My two girls have chosen to learn at home, but when I think that millions of children are in school, working towards qualifications, I sometimes wonder if I'm doing the right thing. I quit teaching at the end of the Eighties because I felt education was becoming a political tool. I have been home educating my daughters for the past eight years. It's different from being a teacher - I'm here to encourage, not instruct.
First job of the day is getting Chelsea, my eldest daughter, off to college. She's just started a BTEC in performing arts, one subject you can't do at home. Then I spend time with Charley, who's 15. She's working on waves and the sea, and we talk about areas to investigate.
The work is similar to GCSE geography, but she's doing it because she wants to, not because it's been forced on her. She's a keen scuba diver, so she sees the relevance. I point her towards websites and leave her to it. Standing over her wouldn't be good for anyone's sanity, and I have my own work to do - I'm writing a book about home education.
After lunch, we head off on an ecology field trip, for home-educating families from across Lincolnshire. People think home-schooled children are stuck in the house all day, but it's actually the opposite. I'm always taking Charley to events such as this, or to galleries and museums.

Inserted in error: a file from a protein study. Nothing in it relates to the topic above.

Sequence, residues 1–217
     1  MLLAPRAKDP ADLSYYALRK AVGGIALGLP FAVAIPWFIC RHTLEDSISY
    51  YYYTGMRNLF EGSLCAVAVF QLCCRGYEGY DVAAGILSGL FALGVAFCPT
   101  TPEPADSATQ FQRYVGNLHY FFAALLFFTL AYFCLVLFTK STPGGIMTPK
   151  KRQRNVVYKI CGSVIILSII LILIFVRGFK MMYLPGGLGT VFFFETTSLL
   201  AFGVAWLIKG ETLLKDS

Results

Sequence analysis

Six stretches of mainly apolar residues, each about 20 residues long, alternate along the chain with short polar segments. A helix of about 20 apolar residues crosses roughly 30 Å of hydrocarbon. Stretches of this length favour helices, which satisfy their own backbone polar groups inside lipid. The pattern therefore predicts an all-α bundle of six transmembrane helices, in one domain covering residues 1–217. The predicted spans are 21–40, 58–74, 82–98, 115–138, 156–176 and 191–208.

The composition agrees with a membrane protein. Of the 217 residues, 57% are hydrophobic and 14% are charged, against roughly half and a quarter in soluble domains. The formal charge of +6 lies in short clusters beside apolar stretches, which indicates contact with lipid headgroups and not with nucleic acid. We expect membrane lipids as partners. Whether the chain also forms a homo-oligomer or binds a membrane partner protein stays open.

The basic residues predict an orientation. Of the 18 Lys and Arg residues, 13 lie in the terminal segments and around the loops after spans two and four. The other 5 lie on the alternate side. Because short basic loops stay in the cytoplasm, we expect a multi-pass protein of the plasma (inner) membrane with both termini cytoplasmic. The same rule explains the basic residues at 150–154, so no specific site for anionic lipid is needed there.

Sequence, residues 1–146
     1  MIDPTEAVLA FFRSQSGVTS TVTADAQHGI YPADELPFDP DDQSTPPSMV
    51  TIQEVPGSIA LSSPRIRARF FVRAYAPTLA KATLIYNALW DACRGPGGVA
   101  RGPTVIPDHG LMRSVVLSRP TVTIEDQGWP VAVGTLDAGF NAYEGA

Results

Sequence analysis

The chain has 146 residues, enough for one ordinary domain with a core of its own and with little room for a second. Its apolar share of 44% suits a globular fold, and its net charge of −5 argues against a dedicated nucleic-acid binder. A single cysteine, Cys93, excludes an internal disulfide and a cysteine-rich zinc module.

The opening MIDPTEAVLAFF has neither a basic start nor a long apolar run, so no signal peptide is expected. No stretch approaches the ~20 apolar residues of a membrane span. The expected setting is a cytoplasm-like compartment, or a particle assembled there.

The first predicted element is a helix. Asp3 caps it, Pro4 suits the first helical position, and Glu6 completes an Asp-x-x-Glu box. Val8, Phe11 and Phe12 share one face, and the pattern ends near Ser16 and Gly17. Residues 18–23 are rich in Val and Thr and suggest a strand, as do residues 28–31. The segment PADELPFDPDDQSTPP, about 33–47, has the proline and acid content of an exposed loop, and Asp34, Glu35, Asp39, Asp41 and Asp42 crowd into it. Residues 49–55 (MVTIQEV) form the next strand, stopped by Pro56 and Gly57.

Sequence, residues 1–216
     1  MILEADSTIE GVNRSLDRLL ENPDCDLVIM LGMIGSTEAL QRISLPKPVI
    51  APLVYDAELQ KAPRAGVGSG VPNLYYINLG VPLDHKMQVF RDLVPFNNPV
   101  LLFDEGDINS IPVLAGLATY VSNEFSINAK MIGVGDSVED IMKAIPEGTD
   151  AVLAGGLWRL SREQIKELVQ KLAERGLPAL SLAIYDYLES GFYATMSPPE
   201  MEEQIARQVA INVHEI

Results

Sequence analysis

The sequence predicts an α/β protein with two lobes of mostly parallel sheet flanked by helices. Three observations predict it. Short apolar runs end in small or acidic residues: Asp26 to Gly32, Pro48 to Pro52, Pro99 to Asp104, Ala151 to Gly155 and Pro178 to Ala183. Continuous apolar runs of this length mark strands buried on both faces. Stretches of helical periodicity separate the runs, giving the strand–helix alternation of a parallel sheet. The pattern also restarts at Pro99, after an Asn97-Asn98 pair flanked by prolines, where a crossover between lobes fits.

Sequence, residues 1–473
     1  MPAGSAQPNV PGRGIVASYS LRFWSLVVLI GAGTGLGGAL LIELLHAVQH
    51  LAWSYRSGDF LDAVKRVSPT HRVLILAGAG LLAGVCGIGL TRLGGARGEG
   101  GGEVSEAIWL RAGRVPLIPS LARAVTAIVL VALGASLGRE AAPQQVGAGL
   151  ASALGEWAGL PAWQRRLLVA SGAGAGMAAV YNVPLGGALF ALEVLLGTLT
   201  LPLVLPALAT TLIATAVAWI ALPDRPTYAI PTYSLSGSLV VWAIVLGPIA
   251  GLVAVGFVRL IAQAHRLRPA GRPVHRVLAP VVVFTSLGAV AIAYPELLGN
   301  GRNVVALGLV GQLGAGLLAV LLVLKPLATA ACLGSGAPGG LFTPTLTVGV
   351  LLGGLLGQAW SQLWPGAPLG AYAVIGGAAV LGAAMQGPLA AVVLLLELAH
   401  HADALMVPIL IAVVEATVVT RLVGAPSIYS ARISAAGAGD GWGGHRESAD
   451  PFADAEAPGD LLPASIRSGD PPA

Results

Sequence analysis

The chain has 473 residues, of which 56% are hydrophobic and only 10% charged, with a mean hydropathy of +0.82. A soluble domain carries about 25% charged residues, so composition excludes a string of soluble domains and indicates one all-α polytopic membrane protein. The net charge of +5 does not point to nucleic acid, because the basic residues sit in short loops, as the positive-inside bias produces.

While the children identify insects, I talk to other parents. Today I meet someone whose son is going to university, despite not having done GCSEs. It's reassuring for me.
When my husband gets home, we discuss Charley's programme for the next few days. She's free to follow her interests, but we try to ensure an overall balance.
I tell my husband about the field trip and how wonderful it was to see everyone working together, in mixed age groups, without peer pressure. It is a far more positive social experience than many children have in school.
Ross Mountney was talking to Steven Hastings.